Objective Colorectal cancer screening by means of faecal immunochemical tests (FITs) requires successive screening rounds for an optimal preventive effect. However, data on the influence of the length of the screening interval on participation and diagnostic yield are lacking. Repeated FIT screening was therefore performed in a population-based trial comparing various repeat intervals.
Design 7501 Dutch individuals aged 50–74 years were randomly selected and invited for two 1-sample FIT screening rounds (haemoglobin (Hb) concentration ≥50 ng/ml, corresponding to 10 μg Hb/g faeces) with intervals of 1 (group I), 2 (group II) or 3 years (group III).
Results In group I, participation was 64.7% in the first screening round and 63.2% in the second. The corresponding percentages for groups II and III were 61.0% vs 62.5% and 62.0% vs 64.0%. Triennial screening resulted in a higher participation rate in the second screening round compared with annual screening (p=0.04). The overall positivity rate in the second screening round was significantly lower compared with the first round (6.0% vs 8.4%; OR 0.69, 95% CI 0.58 to 0.82) and did not depend on interval length (p=0.23). Similarly, the overall detection rate of advanced neoplasia was significantly lower in the second round compared with the first screening round (1.9% vs 3.3%; OR 0.57, 95% CI 0.43 to 0.76) and also did not depend on interval length (p=0.62). The positive predictive value of the FIT did not significantly change over time (41% vs 33%; p=0.07).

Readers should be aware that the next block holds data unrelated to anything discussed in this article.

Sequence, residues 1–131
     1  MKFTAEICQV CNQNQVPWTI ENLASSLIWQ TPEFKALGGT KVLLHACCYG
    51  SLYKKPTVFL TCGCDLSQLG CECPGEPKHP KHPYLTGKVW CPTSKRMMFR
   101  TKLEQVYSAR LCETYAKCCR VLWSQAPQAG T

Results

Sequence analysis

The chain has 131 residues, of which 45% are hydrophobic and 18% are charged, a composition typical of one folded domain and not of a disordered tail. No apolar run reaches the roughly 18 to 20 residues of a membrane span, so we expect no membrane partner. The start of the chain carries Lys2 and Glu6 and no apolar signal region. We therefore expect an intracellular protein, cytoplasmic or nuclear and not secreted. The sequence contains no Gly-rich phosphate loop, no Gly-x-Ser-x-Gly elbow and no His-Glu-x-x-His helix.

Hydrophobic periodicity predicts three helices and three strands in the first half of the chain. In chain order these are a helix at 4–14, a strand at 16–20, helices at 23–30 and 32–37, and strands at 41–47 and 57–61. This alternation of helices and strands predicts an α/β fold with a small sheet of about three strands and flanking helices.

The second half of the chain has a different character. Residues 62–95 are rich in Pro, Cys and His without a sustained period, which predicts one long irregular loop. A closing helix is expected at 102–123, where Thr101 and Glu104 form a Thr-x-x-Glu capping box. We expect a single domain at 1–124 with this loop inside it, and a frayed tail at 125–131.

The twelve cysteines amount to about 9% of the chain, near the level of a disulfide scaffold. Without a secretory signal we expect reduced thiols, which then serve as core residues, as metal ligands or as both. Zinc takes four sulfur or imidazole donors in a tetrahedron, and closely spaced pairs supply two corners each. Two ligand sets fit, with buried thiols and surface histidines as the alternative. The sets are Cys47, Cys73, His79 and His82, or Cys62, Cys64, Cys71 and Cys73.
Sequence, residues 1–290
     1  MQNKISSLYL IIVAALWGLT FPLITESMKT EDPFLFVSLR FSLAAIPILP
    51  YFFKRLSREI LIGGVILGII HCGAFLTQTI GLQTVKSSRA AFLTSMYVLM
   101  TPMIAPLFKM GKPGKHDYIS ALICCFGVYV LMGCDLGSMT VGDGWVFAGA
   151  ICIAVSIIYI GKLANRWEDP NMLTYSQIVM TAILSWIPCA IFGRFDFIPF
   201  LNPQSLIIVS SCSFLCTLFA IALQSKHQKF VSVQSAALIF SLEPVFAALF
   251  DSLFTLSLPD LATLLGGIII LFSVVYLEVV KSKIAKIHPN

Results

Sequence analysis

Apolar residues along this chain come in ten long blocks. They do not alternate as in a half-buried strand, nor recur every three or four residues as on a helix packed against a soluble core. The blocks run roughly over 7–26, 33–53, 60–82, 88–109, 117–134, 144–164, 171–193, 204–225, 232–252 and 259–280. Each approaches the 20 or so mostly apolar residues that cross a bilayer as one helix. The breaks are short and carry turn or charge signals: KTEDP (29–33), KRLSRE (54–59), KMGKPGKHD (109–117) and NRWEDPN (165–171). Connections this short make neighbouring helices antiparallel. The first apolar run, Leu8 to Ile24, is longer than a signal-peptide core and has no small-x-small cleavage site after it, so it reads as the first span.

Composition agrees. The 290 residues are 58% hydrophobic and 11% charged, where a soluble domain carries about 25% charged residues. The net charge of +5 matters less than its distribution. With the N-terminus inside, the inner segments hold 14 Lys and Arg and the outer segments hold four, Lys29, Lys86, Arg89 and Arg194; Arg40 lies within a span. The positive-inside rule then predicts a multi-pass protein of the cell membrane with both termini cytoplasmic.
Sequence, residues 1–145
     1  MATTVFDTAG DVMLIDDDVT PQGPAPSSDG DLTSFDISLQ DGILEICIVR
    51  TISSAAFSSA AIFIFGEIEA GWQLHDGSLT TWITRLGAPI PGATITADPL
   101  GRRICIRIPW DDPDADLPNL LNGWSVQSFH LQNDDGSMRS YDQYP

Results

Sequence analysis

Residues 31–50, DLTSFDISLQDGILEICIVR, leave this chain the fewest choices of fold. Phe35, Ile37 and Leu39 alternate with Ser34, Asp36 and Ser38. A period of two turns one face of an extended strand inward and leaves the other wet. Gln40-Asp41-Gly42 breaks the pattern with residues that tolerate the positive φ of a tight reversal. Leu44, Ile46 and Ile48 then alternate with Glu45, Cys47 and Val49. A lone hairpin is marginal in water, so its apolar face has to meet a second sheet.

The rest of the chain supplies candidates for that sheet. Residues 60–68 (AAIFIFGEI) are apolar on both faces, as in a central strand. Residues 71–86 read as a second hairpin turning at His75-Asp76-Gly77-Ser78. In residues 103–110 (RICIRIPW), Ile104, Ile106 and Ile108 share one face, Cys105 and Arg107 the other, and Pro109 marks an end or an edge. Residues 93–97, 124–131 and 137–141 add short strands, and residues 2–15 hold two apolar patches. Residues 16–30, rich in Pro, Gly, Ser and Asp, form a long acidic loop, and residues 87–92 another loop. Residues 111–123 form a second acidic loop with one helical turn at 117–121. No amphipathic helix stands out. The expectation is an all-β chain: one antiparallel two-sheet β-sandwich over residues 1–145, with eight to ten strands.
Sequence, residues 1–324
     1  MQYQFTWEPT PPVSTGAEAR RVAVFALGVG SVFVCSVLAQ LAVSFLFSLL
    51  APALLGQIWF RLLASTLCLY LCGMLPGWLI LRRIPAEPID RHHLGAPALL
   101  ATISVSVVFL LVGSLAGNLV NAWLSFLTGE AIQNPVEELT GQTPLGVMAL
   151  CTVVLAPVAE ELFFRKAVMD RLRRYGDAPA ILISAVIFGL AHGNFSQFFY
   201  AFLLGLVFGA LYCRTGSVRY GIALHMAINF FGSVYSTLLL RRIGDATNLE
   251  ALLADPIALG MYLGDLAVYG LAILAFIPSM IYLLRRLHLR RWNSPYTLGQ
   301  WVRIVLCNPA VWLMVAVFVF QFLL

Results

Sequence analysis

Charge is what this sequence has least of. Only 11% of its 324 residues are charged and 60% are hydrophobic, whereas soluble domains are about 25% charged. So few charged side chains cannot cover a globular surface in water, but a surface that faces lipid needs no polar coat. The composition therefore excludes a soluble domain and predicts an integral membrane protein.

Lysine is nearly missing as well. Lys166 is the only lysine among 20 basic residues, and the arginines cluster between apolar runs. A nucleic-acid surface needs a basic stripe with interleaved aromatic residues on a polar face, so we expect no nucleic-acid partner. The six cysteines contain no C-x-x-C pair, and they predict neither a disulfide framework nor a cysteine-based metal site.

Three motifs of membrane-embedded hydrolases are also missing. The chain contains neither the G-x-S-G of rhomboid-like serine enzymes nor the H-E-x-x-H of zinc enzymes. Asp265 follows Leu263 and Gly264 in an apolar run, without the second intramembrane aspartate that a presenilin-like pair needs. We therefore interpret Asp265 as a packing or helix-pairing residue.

Conclusion The total number of advanced neoplasia found at repeat FIT screening is not influenced by the interval length within a range of 1–3 years. Furthermore, there is a stable and acceptably high participation in the second screening round. This implies that screening intervals can be tailored to local resources.